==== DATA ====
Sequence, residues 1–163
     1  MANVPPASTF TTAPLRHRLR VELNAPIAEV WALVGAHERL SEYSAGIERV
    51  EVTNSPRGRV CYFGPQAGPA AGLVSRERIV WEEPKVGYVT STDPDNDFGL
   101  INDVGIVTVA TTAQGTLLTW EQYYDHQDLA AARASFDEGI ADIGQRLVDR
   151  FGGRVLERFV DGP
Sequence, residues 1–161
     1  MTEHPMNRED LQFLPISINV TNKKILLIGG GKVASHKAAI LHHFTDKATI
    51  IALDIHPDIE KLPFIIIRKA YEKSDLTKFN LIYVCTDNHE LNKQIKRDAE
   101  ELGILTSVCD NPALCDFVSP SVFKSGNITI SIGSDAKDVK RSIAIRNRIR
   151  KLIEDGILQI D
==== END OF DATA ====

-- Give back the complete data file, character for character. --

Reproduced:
Sequence, residues 1–163
     1  MANVPPASTF TTAPLRHRLR VELNAPIAEV WALVGAHERL SEYSAGIERV
    51  EVTNSPRGRV CYFGPQAGPA AGLVSRERIV WEEPKVGYVT STDPDNDFGL
   101  INDVGIVTVA TTAQGTLLTW EQYYDHQDLA AARASFDEGI ADIGQRLVDR
   151  FGGRVLERFV DGP
Sequence, residues 1–161
     1  MTEHPMNRED LQFLPISINV TNKKILLIGG GKVASHKAAI LHHFTDKATI
    51  IALDIHPDIE KLPFIIIRKA YEKSDLTKFN LIYVCTDNHE LNKQIKRDAE
   101  ELGILTSVCD NPALCDFVSP SVFKSGNITI SIGSDAKDVK RSIAIRNRIR
   151  KLIEDGILQI D